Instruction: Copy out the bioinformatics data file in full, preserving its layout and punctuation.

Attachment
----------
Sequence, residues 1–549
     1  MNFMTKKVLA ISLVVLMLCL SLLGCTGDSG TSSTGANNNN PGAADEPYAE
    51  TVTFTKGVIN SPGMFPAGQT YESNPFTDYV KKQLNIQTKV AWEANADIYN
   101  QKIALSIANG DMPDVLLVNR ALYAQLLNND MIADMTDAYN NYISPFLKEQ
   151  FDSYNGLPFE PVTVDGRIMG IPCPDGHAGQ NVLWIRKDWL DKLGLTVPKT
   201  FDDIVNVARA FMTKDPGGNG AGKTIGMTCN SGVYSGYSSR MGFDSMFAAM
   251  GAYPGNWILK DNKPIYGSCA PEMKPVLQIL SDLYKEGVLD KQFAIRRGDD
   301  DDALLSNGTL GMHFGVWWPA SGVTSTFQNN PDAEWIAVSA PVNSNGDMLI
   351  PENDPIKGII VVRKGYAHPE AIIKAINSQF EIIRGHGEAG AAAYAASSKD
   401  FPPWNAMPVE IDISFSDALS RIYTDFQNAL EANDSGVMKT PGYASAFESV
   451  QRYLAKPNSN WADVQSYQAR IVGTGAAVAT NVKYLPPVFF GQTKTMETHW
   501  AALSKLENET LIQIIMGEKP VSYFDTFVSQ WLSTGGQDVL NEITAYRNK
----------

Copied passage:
Sequence, residues 1–549
     1  MNFMTKKVLA ISLVVLMLCL SLLGCTGDSG TSSTGANNNN PGAADEPYAE
    51  TVTFTKGVIN SPGMFPAGQT YESNPFTDYV KKQLNIQTKV AWEANADIYN
   101  QKIALSIANG DMPDVLLVNR ALYAQLLNND MIADMTDAYN NYISPFLKEQ
   151  FDSYNGLPFE PVTVDGRIMG IPCPDGHAGQ NVLWIRKDWL DKLGLTVPKT
   201  FDDIVNVARA FMTKDPGGNG AGKTIGMTCN SGVYSGYSSR MGFDSMFAAM
   251  GAYPGNWILK DNKPIYGSCA PEMKPVLQIL SDLYKEGVLD KQFAIRRGDD
   301  DDALLSNGTL GMHFGVWWPA SGVTSTFQNN PDAEWIAVSA PVNSNGDMLI
   351  PENDPIKGII VVRKGYAHPE AIIKAINSQF EIIRGHGEAG AAAYAASSKD
   401  FPPWNAMPVE IDISFSDALS RIYTDFQNAL EANDSGVMKT PGYASAFESV
   451  QRYLAKPNSN WADVQSYQAR IVGTGAAVAT NVKYLPPVFF GQTKTMETHW
   501  AALSKLENET LIQIIMGEKP VSYFDTFVSQ WLSTGGQDVL NEITAYRNK